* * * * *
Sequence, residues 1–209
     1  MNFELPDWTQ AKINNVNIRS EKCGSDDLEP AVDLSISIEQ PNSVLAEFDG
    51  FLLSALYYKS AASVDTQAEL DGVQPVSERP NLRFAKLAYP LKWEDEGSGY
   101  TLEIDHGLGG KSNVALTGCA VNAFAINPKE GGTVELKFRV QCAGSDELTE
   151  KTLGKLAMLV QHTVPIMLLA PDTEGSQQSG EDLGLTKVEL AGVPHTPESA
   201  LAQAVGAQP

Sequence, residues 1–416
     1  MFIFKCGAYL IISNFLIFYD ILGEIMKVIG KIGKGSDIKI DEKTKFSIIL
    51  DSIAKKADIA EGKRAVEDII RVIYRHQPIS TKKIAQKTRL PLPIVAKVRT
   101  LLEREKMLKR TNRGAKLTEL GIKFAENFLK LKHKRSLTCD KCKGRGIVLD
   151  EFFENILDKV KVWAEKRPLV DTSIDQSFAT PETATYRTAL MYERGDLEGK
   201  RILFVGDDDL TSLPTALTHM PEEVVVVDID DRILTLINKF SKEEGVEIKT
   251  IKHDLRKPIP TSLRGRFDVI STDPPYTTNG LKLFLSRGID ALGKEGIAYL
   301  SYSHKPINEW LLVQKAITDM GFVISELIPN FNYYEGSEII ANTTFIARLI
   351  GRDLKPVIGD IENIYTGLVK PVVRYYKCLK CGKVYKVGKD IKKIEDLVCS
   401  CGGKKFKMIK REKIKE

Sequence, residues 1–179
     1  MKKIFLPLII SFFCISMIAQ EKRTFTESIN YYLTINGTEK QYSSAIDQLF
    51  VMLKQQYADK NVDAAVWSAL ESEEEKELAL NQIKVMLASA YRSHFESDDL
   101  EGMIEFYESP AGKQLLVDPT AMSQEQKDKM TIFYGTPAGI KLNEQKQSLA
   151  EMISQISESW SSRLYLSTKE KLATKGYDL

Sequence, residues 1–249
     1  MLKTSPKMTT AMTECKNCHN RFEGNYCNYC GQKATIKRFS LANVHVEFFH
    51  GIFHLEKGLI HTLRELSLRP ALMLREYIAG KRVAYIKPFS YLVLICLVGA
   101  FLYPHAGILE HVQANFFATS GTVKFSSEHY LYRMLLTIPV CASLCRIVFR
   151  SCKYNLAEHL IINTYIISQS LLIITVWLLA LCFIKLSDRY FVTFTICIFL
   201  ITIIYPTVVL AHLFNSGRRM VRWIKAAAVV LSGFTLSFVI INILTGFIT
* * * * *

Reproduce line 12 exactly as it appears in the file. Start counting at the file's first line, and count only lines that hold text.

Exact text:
   201  RILFVGDDDL TSLPTALTHM PEEVVVVDID DRILTLINKF SKEEGVEIKT